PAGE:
Free Advice and Solutions From Colleagues

Online Forums Foster Advice and Solution

The SIPA online editorial forum has been active lately, and that means valuable information. The last question posed was: how do you best test a managing editor for a full-time position? Do you give a writing test and a Myers-Briggs type of test?

To backtrack a second, SIPA has online forums covering the following interest areas: marketing (the most popular), editorial, information technology (IT), conferences, fulfillment/operations, electronic publishing, and large publishers. You can sign up for them here. The solutions, suggestions and experienced opinions that are offered on these forums are—as they say today—priceless. For example, three interesting and different takes quickly came from some well-credentialed members.

“Boy, I can’t imagine any single test to give a managing editor,” said Mike Feazel, executive editor of Warren Communications News. “There are so many very different skills that they have to have—from people skills to judge and manage and motivate a staff, to strong editorial skills to recognize what is a good story, to word editing and layout skills, to the ability to create new products, to the ability to set high standards and stick to them, to good ethics, to the ability to work with marketers and sales people. Wow, the list could go on a long time.

“I can’t imagine any way to do that other than to hire good reporters and then promote from within after they’ve been with you at least a few years.”

Pieter VanBennekom, editorial director for Progressive Business Publications, agreed about the hire-from-within philosophy and added a couple related sides. “We may have a problem here with nomenclature, but our managing editors are experienced people who approve copy from editors. They are supervisors. So we never hire managing editors from the outside. Only experienced editors who have shown that they’re good with people get a chance to become managing editors—and by that time, writing tests are no longer relevant because you’ve seen them in action already as writers for a few years. We do apply personality tests to everyone upon hire (something similar to Myers-Briggs) and know from the beginning whether someone has a typical management profile, but they still have to learn the business from the inside and prove themselves.”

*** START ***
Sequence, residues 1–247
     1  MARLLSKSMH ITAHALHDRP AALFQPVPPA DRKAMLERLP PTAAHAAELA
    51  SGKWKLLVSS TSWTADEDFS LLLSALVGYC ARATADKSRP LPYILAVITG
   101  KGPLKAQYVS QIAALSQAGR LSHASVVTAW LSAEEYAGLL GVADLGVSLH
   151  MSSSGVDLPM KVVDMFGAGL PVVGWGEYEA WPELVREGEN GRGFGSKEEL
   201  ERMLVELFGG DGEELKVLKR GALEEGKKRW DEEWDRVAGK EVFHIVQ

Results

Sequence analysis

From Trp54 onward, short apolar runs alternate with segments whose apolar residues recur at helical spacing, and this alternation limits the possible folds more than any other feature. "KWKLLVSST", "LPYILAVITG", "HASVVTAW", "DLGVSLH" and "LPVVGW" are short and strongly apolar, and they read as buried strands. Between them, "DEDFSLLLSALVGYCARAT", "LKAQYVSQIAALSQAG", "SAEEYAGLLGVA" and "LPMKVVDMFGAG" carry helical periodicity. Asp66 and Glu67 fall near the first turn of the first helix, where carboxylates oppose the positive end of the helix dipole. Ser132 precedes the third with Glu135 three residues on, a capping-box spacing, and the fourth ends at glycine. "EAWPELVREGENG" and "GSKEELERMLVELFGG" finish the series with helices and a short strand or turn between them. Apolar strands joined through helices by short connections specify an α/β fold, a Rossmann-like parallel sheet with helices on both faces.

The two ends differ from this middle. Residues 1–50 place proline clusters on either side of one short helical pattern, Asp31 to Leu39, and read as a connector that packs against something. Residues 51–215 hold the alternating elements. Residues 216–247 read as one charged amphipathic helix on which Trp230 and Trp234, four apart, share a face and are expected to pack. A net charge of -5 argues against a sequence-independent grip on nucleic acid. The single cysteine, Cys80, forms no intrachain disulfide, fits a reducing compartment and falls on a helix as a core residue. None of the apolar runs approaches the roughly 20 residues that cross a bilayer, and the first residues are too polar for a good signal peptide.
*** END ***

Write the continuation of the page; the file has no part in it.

Don Johnston, SVP/group publisher for AHC Media LLC—a group that won several SIPF Awards last year—offered a different view. “I agree in part with what both Pieter and Mike said. I always would prefer to promote from within, but sometimes the smarter move is to bring in some new energy from the outside to shake up your shop, should it need shaking. You have to have an inherent stability to begin with, an assurance that solid content will get posted or printed on time. That makes the move of bringing in a new player less risky. But you may end up with a dynamo that will take your business in a new direction and maybe take some weight off of your shoulders.”

I have been in both positions, as an editor who was promoted from within at the Newspaper Association of America, and as an editor brought in from the outside here at SIPA—and both ways have their merits. At NAA, I knew the system and the people, what had worked and what hadn’t, and could move forward quickly in my new position. But here at SIPA—though needing to learn the history and the people—I have worked hard and enjoyed bringing new ideas, enthusiasm and directions to the position.

Please join—and participate in!—the SIPA online forums as much as possible. The results will be better for both you and your member colleagues.


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